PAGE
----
Is the political Berlin aware of the importance of the music location?

Jana: “I would say yes. However, there is still a lot of room for improvement. You can see that the work of the networks, associations and also the companies in Berlin is slowly bearing fruit. For many years, they have been trying to make politicians aware of Berlin’s importance as a creative location. I had the feeling that politicians liked to adorn themselves with the club landscape and the creative scene and its appeal, but nothing was done to ensure that it stayed that way. There was very little support.

Now we are on the right track. The pandemic has shown that there are good concepts and that we are being heard. But we have also noticed that other sectors of the economy have received support and assistance much more quickly and as a matter of course. I still see a great imbalance there.”

“It’s much better if this happens in a united way”.

How important was this unification of the industry in associations like the BMC to be able to make demands now during the pandemic?

MW:M 2020 – © Florian Reimert

Jana:  “It is really important. I believe we can only achieve something if we speak with a united voice. That has been our credo for years. That’s why it’s also totally important to join forces with other associations and networks. If there are interfaces, then let’s do it together and not each for themselves. Politicians are only surprised that other people knock on your door every day. It’s much better if we do it together. That’s what we tell newly founded networks and offer our cooperation and experience.”

Do you have specific contact in the Senate administrations?

Jana: “We work very closely with the Senate Department for Economics. We discuss our projects with the State Secretary and we are on a first-name basis with the Senator. Of course, that’s worth its weight in gold in a crisis situation like this. We were also approached by politicians when it came to concepts for opening up, and we developed hygiene concepts together. Our specialist group for the event industry has made an important contribution here. A network like that of the BMC is necessary for this, because we can bring in expertise from all areas and know what is needed and what is important in each case. And we can then also test the concepts.”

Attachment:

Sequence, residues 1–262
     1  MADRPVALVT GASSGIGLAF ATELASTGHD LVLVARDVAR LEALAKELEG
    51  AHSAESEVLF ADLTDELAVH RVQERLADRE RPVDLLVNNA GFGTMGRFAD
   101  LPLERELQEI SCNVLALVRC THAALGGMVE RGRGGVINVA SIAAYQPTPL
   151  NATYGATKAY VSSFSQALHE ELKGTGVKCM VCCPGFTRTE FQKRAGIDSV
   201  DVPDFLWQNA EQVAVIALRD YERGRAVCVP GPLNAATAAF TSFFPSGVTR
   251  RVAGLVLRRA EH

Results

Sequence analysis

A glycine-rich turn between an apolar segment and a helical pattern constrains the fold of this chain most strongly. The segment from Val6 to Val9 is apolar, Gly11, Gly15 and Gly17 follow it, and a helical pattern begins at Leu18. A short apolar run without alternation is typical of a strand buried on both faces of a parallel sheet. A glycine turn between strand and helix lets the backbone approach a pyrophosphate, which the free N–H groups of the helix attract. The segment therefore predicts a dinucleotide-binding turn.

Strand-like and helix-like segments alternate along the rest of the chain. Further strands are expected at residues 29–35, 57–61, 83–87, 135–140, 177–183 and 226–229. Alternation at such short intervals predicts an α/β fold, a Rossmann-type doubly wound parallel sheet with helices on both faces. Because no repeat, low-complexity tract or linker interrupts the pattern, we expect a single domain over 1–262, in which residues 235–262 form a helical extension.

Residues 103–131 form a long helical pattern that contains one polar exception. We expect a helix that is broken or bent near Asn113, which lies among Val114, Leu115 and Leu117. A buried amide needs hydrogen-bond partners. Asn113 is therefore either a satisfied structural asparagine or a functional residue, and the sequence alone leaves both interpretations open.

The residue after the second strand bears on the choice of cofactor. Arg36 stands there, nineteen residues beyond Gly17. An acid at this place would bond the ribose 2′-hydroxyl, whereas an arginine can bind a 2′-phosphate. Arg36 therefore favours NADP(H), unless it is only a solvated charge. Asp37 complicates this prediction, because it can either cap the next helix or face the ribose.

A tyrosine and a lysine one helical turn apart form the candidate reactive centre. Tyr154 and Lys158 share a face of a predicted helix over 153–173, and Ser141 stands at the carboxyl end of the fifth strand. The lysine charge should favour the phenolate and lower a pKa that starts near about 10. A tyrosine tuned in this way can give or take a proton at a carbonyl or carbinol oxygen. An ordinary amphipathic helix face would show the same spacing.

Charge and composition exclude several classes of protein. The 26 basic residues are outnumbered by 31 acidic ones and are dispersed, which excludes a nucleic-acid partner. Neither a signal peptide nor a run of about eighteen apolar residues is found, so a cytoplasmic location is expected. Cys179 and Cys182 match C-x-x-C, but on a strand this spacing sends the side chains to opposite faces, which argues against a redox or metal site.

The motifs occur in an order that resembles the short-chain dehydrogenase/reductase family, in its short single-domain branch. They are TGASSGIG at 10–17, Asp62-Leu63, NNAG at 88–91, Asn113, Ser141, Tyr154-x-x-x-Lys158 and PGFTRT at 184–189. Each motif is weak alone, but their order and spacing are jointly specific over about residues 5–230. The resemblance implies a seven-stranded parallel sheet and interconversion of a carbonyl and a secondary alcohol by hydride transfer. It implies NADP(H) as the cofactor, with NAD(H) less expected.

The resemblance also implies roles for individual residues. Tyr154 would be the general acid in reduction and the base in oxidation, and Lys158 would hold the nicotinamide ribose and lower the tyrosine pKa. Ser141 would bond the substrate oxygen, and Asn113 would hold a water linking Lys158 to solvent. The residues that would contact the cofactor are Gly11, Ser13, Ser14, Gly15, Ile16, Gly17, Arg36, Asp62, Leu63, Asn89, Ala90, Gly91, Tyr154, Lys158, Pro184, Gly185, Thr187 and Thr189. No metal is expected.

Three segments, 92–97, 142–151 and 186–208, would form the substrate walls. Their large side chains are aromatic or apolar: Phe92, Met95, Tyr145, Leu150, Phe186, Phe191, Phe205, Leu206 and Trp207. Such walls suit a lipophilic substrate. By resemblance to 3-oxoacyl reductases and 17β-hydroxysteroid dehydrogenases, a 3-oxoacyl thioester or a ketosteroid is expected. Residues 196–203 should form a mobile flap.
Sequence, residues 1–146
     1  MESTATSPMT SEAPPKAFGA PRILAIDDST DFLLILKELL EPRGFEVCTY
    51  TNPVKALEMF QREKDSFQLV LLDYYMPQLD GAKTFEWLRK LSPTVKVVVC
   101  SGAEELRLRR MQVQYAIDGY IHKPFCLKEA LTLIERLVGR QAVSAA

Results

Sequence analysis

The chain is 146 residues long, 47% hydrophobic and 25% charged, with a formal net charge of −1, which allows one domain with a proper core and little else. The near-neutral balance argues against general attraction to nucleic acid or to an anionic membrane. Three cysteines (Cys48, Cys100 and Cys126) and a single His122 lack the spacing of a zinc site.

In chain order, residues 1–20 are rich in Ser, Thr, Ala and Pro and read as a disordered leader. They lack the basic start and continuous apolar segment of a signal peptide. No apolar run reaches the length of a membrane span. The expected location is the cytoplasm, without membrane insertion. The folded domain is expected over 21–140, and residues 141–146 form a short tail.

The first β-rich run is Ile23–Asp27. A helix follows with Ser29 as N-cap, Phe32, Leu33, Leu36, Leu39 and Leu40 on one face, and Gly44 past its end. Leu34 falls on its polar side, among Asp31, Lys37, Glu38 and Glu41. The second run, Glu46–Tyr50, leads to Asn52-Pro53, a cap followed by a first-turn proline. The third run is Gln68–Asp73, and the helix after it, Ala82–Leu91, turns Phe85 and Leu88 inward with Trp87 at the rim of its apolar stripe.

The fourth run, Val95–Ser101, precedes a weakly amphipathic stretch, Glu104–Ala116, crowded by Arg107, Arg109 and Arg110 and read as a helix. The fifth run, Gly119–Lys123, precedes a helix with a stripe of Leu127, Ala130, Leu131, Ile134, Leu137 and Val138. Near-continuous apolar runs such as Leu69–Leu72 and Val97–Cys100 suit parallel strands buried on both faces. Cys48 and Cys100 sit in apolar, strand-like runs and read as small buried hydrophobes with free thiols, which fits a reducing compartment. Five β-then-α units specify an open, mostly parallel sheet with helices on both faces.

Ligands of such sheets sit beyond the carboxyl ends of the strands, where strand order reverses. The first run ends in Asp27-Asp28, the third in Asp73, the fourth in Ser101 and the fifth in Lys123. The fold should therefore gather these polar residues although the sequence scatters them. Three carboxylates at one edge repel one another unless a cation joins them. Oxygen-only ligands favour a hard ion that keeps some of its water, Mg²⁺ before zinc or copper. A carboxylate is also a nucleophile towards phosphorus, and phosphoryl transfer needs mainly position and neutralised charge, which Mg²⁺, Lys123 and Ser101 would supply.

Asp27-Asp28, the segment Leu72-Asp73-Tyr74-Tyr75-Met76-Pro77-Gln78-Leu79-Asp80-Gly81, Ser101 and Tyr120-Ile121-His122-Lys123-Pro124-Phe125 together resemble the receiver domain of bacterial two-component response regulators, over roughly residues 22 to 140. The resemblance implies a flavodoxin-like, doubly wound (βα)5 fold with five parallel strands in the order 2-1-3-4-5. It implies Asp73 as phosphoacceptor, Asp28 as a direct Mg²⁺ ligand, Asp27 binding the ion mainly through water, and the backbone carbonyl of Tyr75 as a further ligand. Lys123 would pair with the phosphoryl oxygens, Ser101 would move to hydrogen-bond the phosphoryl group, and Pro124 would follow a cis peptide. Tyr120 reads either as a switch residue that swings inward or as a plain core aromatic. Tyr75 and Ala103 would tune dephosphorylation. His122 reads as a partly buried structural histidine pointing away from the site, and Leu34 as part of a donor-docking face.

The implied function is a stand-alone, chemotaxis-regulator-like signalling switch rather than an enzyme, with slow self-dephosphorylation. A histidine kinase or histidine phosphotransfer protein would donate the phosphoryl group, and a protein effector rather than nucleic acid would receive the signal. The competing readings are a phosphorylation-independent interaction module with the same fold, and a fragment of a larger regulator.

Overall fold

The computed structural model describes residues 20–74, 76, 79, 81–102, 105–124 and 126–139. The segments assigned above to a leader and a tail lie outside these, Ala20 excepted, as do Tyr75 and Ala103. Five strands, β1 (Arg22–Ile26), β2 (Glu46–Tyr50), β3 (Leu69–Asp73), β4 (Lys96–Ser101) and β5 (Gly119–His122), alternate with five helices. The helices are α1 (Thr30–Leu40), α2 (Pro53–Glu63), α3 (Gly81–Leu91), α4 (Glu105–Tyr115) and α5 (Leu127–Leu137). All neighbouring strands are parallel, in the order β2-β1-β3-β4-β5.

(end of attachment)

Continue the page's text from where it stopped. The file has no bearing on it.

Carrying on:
lost expertise

How are your members doing at the moment?

Jana: “You have to differentiate here. The event industry is doing really badly. Some transitional solutions have worked quite well, but the stores have been closed for more than a year and they are simply dependent on aid. The next few months will show whether they can be saved with new models over the summer. That’s where we notice it quite clearly.
In the case of the labels and publishers, it is only slowly becoming apparent. Last year, they were still able to benefit from the payouts of their work from 2019. But many musicians have postponed their releases because they can’t tour at the moment, which means that a major source of income is missing there as well.

The educational institutes like SAE or the Berlin School of Popular Arts have been able to move to online, so it’s less dramatic there.
Our biggest concern, however, is that very many – especially of the solo self-employed, who have hardly received any assistance – are looking for other jobs, because otherwise they won’t be able to survive. Whether they will come back is questionable, and there will probably be a very big gap there; we’re losing a lot of expertise right now.”

bureaucracy And SAfety

Olaf Kretschmar & Jana Scheffert – © Stefan Wieland

What do you wish from the politicians?

Jana: “That they continue to have an open ear and work closely with us. But also that the federal government sees and recognizes how important the creative industries are and how important it is to help them now, because otherwise a large branch will be lost. We need tailored support and aid programs that really have an impact and reach the people. There are efforts and indications of what needs to be changed. Now it’s up to the politicians to listen to them and find quick and pragmatic solutions. That is what I would like to see. Germany is just very bureaucratic and focused on security, but we see that it sets us back in a pandemic.”

Thank you for the interview and your time involved, Jana!


Leave a Reply

Your email address will not be published. Required fields are marked *